• In the followup, I would mention briefly that the lateness was due to transportation issues (yes, this slightly contradicts what you said in the interview. You'll need to straighten that out) but that if hired you would be able to be reliably on time because your transportation plan is X. – G. Ann - SonarSource Team Mar 16 '17 at 13:18
  • 1
    "perhaps adding an apology to the being late and mentioning again my reliability with previous jobs?" I'd say that the mentioning of reliability is more of a "I screwed up and need to make amends" in a bad way. Just the apology should be sufficient. No need to seem desperate. – SliderBlackrose Mar 16 '17 at 15:19
18

Do follow up.

Don't mention your lateness.

My current position, I arrived 14 minutes late to the interview (I live about an hour away at the best of times, and I was delayed leaving home and got caught in rush hour). I got the job and have been here for nine years.

My being late certainly counted against me, but I overcame that in the interview and the technical evaluation after.

  • 1
    I very much like personal experiences in answers especially when there is a happy outcome. Cheers!! – closetnoc Mar 15 '17 at 20:25
9

It would have been better to be 10 minutes early, for sure, however I think that most people would understand that sometimes there's simply circumstances outside of your control.

Clarification: if there's a lot of competition for the position then being 5 minutes late can be a game breaker, however it's expensive to interview many candidates, so employers will typically only call in the people they're actually interested in hiring (on paper). In that situation being 5 minutes late is not a game breaker unless you also make other mistakes (might be used against you as a tie breaker between you and a similarly skilled candidate).

I would have kept the answer a little more general, however (family issues typically has negative undertones):

I don't have experience travelling in this part of town, and ran into some heavy traffic. If I were travelling this route on a regular basis I would know to better account for such situations. My apologies.

Only then answer the follow up question, and talk about your perfect attendance at your other job, etc.

As far as sending a "Thank You" email, you most certainly should. Even if you don't get the job, it's not a "waste of your time", it's simply a standard courtesy which you should observe (unless the person flat out tells you not to let the door hit you on the way out or something).

Since you've already addressed being late (very directly) in your interview I wouldn't mention it in the email. If you feel compelled to do so, however, keep it brief:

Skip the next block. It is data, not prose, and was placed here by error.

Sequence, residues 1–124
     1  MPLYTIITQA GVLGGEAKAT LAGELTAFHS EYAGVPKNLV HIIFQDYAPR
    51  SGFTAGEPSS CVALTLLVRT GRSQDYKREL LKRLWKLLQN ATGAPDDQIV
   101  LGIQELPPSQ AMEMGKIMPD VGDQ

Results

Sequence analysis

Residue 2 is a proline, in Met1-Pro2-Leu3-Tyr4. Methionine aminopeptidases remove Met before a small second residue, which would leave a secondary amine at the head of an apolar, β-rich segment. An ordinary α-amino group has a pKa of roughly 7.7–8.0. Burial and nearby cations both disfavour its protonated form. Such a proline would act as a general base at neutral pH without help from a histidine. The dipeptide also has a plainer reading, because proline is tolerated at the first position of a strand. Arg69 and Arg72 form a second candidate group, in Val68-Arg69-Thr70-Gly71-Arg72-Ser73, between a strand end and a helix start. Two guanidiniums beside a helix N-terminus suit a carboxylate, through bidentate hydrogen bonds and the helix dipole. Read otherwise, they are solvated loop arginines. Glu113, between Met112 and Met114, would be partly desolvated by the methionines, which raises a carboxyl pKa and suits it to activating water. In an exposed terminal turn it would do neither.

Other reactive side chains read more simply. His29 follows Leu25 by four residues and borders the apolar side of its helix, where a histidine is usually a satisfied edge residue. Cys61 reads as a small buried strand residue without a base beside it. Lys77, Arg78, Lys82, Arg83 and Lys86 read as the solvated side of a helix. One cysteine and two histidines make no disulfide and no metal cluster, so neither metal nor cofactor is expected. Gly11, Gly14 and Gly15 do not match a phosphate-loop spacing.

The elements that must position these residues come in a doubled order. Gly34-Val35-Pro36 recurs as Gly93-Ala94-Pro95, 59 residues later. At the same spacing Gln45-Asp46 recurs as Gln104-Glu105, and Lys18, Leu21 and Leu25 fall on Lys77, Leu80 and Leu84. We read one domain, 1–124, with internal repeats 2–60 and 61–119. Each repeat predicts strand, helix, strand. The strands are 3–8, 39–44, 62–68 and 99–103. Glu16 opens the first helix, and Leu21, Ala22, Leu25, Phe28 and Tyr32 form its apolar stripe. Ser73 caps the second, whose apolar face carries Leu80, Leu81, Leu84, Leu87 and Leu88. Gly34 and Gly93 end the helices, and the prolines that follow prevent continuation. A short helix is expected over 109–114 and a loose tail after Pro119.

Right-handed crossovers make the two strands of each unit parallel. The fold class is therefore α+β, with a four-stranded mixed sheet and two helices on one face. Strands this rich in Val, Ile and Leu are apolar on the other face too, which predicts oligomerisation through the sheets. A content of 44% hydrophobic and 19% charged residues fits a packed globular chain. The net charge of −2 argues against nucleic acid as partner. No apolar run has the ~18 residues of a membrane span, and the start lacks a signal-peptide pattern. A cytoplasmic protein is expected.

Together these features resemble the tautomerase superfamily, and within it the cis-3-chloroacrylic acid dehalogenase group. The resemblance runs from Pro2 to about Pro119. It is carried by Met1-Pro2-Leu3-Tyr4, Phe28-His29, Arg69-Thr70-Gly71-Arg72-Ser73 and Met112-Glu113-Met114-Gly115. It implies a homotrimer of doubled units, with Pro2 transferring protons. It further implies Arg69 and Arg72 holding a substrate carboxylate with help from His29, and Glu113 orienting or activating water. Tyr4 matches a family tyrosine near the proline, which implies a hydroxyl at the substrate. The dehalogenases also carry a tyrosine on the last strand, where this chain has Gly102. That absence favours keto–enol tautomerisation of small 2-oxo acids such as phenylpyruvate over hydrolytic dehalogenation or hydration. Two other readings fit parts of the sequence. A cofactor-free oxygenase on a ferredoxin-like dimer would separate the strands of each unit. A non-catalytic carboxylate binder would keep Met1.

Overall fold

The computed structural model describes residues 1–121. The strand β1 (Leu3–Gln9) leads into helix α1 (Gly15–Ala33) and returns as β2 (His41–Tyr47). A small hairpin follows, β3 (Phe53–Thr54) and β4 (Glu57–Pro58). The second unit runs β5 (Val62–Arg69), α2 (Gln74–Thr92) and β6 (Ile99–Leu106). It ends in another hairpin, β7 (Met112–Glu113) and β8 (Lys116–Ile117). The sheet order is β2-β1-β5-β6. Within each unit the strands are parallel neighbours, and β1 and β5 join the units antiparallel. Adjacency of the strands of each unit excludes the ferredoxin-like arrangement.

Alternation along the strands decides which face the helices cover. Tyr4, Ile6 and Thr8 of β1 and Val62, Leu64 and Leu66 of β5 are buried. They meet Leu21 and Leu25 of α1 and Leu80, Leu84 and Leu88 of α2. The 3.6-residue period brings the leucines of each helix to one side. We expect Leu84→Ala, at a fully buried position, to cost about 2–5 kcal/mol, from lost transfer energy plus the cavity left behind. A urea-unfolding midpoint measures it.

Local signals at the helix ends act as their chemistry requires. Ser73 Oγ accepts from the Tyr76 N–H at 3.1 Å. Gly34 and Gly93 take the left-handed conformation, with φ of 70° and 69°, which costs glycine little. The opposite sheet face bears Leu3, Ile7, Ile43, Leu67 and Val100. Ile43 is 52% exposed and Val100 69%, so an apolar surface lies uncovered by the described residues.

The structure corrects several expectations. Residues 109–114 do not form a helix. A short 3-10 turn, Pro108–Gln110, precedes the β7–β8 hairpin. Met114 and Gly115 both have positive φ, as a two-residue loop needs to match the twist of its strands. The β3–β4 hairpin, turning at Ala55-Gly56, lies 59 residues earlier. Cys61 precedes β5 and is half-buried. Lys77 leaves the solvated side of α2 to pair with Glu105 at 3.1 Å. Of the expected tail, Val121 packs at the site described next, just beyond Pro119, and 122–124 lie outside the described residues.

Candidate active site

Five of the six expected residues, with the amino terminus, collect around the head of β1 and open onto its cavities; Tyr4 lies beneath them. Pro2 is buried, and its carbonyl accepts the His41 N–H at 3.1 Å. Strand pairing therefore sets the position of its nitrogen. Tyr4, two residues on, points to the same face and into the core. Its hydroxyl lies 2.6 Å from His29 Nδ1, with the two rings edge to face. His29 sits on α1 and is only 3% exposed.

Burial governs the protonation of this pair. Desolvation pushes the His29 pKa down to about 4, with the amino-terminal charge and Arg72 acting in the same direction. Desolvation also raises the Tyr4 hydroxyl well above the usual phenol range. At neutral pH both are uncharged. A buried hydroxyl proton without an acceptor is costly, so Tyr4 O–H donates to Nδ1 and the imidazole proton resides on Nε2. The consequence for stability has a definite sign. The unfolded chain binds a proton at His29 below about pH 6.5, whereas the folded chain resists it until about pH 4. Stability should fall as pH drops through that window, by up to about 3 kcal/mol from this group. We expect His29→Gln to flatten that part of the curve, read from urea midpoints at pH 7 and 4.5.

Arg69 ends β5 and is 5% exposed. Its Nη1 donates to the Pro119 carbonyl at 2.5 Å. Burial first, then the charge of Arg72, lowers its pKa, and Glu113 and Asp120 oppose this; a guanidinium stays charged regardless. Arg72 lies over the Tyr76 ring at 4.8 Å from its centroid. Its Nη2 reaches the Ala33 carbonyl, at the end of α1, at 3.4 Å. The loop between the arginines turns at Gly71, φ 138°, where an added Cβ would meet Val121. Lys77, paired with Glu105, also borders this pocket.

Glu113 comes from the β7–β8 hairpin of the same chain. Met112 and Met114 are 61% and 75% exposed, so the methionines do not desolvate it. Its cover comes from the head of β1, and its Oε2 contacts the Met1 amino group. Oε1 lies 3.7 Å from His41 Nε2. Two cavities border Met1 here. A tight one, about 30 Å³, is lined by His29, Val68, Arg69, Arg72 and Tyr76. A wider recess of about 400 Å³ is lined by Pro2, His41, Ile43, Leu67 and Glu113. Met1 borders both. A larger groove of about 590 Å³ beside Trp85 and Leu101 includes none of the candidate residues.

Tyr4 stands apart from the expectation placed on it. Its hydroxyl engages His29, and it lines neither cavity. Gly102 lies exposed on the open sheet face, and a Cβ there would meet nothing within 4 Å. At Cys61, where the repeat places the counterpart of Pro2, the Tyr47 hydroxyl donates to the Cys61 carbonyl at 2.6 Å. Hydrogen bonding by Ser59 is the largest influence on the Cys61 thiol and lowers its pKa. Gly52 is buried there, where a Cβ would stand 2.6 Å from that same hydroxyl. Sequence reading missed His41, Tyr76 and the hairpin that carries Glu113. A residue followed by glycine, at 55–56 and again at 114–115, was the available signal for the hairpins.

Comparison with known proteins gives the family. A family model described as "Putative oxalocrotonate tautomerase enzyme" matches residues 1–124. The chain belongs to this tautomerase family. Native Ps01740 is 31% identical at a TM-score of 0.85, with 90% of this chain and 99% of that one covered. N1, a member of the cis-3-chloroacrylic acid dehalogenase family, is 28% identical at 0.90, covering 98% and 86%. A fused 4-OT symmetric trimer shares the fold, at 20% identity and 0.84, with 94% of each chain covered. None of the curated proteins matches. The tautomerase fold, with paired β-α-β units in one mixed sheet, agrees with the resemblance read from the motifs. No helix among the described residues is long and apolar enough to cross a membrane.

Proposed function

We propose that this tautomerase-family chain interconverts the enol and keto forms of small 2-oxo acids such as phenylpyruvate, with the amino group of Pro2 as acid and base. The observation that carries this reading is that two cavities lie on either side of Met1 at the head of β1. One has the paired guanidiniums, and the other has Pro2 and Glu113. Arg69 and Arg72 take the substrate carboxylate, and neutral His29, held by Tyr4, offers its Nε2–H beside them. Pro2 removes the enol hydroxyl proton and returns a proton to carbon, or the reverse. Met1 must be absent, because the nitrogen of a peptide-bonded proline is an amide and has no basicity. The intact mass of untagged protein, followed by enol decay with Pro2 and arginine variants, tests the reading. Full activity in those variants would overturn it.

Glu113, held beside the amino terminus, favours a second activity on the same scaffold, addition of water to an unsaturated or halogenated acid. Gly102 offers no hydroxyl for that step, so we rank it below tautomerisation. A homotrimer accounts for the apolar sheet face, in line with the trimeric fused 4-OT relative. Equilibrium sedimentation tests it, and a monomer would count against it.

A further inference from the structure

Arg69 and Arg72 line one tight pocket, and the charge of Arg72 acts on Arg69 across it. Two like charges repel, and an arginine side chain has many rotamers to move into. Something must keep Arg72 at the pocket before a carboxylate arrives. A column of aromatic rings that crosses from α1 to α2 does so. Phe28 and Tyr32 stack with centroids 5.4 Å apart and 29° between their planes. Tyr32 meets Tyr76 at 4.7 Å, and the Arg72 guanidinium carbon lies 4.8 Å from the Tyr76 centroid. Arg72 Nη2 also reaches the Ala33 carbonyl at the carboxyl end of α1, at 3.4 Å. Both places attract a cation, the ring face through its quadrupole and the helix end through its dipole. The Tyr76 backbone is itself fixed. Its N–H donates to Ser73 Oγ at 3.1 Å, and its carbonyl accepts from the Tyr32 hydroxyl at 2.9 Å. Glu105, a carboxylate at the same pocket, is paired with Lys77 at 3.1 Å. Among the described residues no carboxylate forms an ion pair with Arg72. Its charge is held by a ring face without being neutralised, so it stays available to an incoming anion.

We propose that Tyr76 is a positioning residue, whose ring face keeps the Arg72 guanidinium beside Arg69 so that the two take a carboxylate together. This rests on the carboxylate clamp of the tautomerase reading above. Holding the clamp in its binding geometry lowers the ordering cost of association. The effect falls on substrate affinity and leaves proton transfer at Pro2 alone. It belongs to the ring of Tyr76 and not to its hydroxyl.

Dear X,

Thank you for taking the time to see me today. I'm very excited at the prospect of bla bla bla.

I once again apologize for running late today, and hope my explanation as to why was satisfactory.

I look forward to hearing from you in the near future.

Regards,
iLearnSlow

  • "It would have been better to be 10 minutes early". Really depends on the company, 10 minutes early can be quite distracting, while 3-4 minutes late might not even be noticeable. – Akavall Mar 16 '17 at 4:05
  • 2
    @Akavall I try to arrive at least 10 minutes early, but walk around the area until 5 minutes before the interview, at which point I enter and announce myself. If the location is isolated, and not somewhere where I can inconspicuously wander, I'll wait in my car until 5 minutes before. Anything earlier can leave a negative impression. – Beofett Mar 16 '17 at 12:39
  • Why is the first quote block formatted that way? – Lilienthal Mar 16 '17 at 14:00
  • 1
    @lilienthal - because that's my style, and I intended the clarification to be an aside, as it were. – AndreiROM Mar 16 '17 at 14:02
  • 3
    @AndreiROM Fair, but I'd recommend against it. Since you also use the formatting for example scripts in the same answer it makes it look odd and I first thought you had simply forgotten to attribute a source for an actual quote. – Lilienthal Mar 16 '17 at 14:10
6

Yes, I would send a follow up email just as you described in your answer, what do you have to lose? I think you handled the situation very well. Some people would crumble and just walk out of the interview. Sending the follow up email message shows that your are serious about the job.